J&J’s Covid Vaccine Remains Paused as CDC Advisers Seek Data

U.S. public health advisers concluded a meeting on Johnson & Johnson’s Covid-19 vaccine without a vote, effectively extending a pause on its use while they seek more data on a rare clotting side effect.

After scrutinizing evidence related to the blood clots during an hours-long emergency meeting Wednesday, advisers to the U.S. Centers for Disease Control and Prevention said they lacked adequate information to make recommendations on how to respond to reports of the rare blood clots. The CDC’s Advisory Committee on Immunization Practices didn’t give a precise date for when they’ll reconvene to reconsider the vaccine.

That leaves J&J’s shot in limbo. The delay isn’t expected to slow the U.S. vaccination campaign much, the Biden administration has said, with shots from Pfizer Inc. and Moderna Inc. flowing. Still, an extended pause could cast doubt about the shot that’s helping vaccinate rural communities and other hard-to-reach populations.

After six women who received the J&J vaccine developed a rare and severe form of blood clotting, the CDC and the Food and Drug Administration jointly recommended Tuesday to pause its use. Members of the panel, who are independent of the agency, carefully considered data from those cases alongside similar incidents tied to AstraZeneca Plc’s Covid-19 shot in Europe.

“I want to be able to feel comfortable with my family members and with myself for that matter to receive this vaccine,” said Beth Bell, a panelist and clinical professor of global health at the University of Washington.

They weighed concerns about J&J’s shot with risks from contracting Covid-19, which has killed 564,275 people in the U.S., according to the latest count from Johns Hopkins University. The stakes are high, with variants spreading in the U.S. -- especially in the Midwest -- and threatening to erase the gains the U.S. has made against the virus with vaccination.

Unusual Syndrome

J&J supports efforts to raise awareness of the rare side effect and will continue to collaborate with health officials on battling the pandemic, Chief Scientific Officer Paul Stoffels said late Wednesday in a statement.

“We continue to believe in the positive benefit-risk profile of our vaccine,” he said in the statement.

Six women between the ages of 18 and 48 who received the shot developed brain blood clots called cerebral venous sinus thrombosis. More than 6.8 million J&J shots have been administered in the U.S. At the meeting, a seventh case of an “adverse event” was mentioned that J&J is investigating -- the details of it were not discussed.

Lynn Bahta, a panelist and an official with the Minnesota Department of Health, said having more information would give officials more confidence in touting the safety of J&J’s vaccine.

“Right now the confidence for other vaccines is just right at a precipice,” she said. “We’ve got people that can’t wait to get it and others who have been waiting and seeing, and this I think contributes to that confidence people have.”

Yet Jeff Weitz, a professor at McMaster University in Canada and president of the International Society on Thrombosis and Haemostasis, said he’s not sure what the panel is waiting for.

“The most important thing worldwide is we vaccinate as many people as possible to put this pandemic behind us, and with variants taking over, caseloads are just ramping up like crazy. So we’ve got to get people vaccinated and these very rare, one-in-a-million events shouldn’t be stopping us from doing that,” Weitz said.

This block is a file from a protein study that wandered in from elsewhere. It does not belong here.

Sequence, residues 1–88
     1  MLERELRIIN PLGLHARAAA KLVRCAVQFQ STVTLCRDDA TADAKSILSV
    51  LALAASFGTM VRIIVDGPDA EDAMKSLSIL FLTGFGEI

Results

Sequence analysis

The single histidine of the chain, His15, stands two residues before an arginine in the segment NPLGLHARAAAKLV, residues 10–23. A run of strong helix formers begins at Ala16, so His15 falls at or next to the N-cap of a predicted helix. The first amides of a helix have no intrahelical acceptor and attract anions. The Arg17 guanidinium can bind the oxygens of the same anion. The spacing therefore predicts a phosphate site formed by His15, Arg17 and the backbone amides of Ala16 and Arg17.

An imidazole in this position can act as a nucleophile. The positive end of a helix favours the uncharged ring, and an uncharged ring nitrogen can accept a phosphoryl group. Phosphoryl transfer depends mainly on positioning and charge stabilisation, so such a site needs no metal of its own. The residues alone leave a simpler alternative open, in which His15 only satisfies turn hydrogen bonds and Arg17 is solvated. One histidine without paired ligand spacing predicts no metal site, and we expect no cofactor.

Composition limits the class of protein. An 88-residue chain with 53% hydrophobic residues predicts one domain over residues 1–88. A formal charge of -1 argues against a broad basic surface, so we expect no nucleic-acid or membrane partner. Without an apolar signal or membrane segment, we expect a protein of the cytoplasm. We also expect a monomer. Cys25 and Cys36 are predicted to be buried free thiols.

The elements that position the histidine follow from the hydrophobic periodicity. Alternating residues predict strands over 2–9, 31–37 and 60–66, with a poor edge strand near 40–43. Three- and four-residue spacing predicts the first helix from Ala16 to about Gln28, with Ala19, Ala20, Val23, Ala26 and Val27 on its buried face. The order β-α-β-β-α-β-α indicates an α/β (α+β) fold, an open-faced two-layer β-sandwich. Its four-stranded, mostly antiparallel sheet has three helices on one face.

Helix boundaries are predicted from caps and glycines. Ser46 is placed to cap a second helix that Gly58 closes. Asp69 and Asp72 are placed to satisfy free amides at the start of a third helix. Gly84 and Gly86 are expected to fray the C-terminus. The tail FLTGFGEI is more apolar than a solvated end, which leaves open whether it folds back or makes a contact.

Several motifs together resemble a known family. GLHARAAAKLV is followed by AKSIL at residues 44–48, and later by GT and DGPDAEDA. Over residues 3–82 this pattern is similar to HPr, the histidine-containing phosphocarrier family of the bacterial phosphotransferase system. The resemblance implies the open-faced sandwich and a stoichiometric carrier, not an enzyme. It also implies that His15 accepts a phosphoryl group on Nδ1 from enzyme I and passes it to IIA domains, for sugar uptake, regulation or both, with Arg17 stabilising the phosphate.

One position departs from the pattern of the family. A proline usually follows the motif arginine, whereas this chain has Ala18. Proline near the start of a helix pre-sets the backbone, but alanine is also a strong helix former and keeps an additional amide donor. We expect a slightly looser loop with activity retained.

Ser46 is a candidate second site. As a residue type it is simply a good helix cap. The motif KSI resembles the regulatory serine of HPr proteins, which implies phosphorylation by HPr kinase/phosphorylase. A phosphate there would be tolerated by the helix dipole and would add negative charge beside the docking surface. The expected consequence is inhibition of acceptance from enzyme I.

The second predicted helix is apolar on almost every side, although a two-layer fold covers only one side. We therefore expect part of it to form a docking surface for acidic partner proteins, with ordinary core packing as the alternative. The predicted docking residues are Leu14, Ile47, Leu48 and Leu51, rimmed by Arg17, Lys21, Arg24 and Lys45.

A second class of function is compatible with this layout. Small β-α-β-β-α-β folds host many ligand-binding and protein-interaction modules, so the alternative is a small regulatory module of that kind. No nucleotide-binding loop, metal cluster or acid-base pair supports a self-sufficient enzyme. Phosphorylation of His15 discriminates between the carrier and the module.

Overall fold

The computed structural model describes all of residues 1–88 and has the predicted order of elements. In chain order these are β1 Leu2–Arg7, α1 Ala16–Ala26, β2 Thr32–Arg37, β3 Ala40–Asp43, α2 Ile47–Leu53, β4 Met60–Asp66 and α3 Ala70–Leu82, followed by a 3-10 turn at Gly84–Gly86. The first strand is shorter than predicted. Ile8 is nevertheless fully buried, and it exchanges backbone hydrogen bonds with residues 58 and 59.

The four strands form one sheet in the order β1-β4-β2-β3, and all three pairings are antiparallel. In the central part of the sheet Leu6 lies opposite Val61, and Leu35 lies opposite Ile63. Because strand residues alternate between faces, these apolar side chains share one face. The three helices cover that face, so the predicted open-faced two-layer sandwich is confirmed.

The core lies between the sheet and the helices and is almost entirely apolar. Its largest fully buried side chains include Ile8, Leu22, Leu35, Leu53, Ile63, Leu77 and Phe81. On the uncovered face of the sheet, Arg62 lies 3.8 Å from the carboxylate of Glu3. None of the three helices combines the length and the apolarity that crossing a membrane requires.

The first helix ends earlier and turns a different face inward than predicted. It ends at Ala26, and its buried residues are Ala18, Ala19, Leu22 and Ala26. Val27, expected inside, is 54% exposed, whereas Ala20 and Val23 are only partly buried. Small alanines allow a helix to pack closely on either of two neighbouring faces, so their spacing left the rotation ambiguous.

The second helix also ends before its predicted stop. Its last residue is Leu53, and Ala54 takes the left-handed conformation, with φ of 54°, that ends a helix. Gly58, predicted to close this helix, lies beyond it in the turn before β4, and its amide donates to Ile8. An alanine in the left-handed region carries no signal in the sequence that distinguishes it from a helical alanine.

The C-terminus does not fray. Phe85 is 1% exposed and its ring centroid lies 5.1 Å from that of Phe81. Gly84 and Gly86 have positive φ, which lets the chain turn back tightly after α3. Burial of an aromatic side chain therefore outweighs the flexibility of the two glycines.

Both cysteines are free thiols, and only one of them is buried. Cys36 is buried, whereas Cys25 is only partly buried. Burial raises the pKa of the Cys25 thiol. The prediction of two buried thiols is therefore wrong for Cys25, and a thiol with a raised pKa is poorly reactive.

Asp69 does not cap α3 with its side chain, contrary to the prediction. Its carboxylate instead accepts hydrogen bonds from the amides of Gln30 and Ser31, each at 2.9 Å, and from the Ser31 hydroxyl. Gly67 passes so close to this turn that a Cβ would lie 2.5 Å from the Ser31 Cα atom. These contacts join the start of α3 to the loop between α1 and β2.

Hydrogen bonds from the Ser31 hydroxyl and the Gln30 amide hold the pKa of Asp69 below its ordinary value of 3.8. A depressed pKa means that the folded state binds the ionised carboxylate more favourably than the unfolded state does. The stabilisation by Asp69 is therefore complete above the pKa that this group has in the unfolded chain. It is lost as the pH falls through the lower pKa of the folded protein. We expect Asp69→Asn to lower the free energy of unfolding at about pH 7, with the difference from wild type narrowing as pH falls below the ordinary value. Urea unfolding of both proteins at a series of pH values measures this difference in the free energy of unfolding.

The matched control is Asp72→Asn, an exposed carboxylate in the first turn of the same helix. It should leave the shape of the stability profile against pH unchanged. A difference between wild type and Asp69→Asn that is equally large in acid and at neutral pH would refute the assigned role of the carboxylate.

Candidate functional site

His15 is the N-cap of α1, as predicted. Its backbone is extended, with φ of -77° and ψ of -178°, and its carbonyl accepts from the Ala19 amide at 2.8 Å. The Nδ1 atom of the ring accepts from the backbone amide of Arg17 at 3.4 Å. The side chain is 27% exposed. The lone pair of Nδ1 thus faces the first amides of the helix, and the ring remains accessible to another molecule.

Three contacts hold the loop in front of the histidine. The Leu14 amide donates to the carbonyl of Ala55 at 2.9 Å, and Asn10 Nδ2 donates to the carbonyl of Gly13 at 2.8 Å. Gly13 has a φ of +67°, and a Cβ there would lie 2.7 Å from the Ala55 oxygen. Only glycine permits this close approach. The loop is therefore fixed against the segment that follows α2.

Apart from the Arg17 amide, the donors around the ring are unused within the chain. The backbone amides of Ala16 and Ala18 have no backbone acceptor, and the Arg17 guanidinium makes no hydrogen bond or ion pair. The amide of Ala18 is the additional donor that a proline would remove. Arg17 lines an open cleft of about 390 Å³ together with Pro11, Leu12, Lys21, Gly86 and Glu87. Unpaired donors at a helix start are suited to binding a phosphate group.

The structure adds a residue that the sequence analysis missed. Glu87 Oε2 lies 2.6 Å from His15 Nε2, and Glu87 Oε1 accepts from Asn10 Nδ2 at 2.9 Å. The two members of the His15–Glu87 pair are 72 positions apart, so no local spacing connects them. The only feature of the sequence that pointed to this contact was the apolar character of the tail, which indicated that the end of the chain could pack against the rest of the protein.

States Following

States and pharmacies signaled they would follow the pause advisory, halting the rollout of J&J’s vaccine in the U.S. six weeks after it began. ACIP’s decision could pave the way for resumption, with possible restrictions on certain populations, as some EU countries have done with AstraZeneca’s Covid vaccine that has also been associated with clotting.

The clotting syndrome is highly unusual in that it involves low levels of platelets, the blood component mainly responsible for coagulation, and has been seen only at low rates in vaccine recipients. One common treatment for clots, the blood-thinner heparin, could potentially worsen the condition and increase the risk of death, a worry federal health officials say played a key role in their decision to issue the advisory.

Cerebral venous thrombosis occurs in women at three times the rate as men, a CDC official said Wednesday. Patients tend to be younger, with a median age of 37. In the cases linked to the J&J shot, all six patients were female. The median age was 33. The U.S. is ramping up vaccination of younger people as seniors were prioritized earlier in the immunization campaign.

The cases in the U.S. with J&J’s shot mirror those observed in Europe with AstraZeneca’s. Both vaccines program a harmless cold virus, called an adenovirus, to make coronavirus proteins, thus preparing the immune system to battle future infections. AstraZeneca has not yet applied for U.S. clearance of its vaccine, which has been shown to be effective in clinical trials.

The two other Covid-19 vaccines being used in the U.S., from Moderna and partners Pfizer and BioNTech, use messenger RNA technology rather than an adenovirus vector. The mRNA is a piece of genetic material that instructs human cells to make coronavirus proteins, triggering an immune response.

Helen Keipp Talbot, a panelist and associate professor at Vanderbilt University, said the U.S. is fortunate to have two other vaccines at its disposal and should use these alternatives to take the time to carefully consider the clotting cases.

©2021 Bloomberg L.P.

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